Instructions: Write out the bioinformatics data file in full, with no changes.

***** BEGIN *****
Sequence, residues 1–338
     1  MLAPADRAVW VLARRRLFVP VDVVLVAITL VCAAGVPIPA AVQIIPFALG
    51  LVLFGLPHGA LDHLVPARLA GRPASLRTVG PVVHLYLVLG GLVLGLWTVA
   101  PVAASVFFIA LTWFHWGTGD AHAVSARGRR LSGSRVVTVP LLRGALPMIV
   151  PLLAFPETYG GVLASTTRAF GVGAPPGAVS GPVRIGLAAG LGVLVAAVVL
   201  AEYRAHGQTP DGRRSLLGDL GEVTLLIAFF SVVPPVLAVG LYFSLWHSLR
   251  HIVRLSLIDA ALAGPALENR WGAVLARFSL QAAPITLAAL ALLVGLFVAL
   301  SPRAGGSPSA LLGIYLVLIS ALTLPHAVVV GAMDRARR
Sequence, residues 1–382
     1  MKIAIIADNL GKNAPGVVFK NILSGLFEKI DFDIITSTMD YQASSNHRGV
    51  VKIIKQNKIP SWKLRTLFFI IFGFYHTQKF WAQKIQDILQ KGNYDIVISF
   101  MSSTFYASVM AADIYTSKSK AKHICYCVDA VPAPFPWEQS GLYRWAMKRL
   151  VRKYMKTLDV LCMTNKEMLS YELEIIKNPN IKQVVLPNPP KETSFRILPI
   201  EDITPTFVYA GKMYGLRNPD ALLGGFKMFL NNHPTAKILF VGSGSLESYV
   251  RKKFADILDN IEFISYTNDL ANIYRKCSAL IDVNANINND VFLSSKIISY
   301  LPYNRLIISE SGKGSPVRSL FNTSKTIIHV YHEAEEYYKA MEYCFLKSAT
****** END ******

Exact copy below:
Sequence, residues 1–338
     1  MLAPADRAVW VLARRRLFVP VDVVLVAITL VCAAGVPIPA AVQIIPFALG
    51  LVLFGLPHGA LDHLVPARLA GRPASLRTVG PVVHLYLVLG GLVLGLWTVA
   101  PVAASVFFIA LTWFHWGTGD AHAVSARGRR LSGSRVVTVP LLRGALPMIV
   151  PLLAFPETYG GVLASTTRAF GVGAPPGAVS GPVRIGLAAG LGVLVAAVVL
   201  AEYRAHGQTP DGRRSLLGDL GEVTLLIAFF SVVPPVLAVG LYFSLWHSLR
   251  HIVRLSLIDA ALAGPALENR WGAVLARFSL QAAPITLAAL ALLVGLFVAL
   301  SPRAGGSPSA LLGIYLVLIS ALTLPHAVVV GAMDRARR
Sequence, residues 1–382
     1  MKIAIIADNL GKNAPGVVFK NILSGLFEKI DFDIITSTMD YQASSNHRGV
    51  VKIIKQNKIP SWKLRTLFFI IFGFYHTQKF WAQKIQDILQ KGNYDIVISF
   101  MSSTFYASVM AADIYTSKSK AKHICYCVDA VPAPFPWEQS GLYRWAMKRL
   151  VRKYMKTLDV LCMTNKEMLS YELEIIKNPN IKQVVLPNPP KETSFRILPI
   201  EDITPTFVYA GKMYGLRNPD ALLGGFKMFL NNHPTAKILF VGSGSLESYV
   251  RKKFADILDN IEFISYTNDL ANIYRKCSAL IDVNANINND VFLSSKIISY
   301  LPYNRLIISE SGKGSPVRSL FNTSKTIIHV YHEAEEYYKA MEYCFLKSAT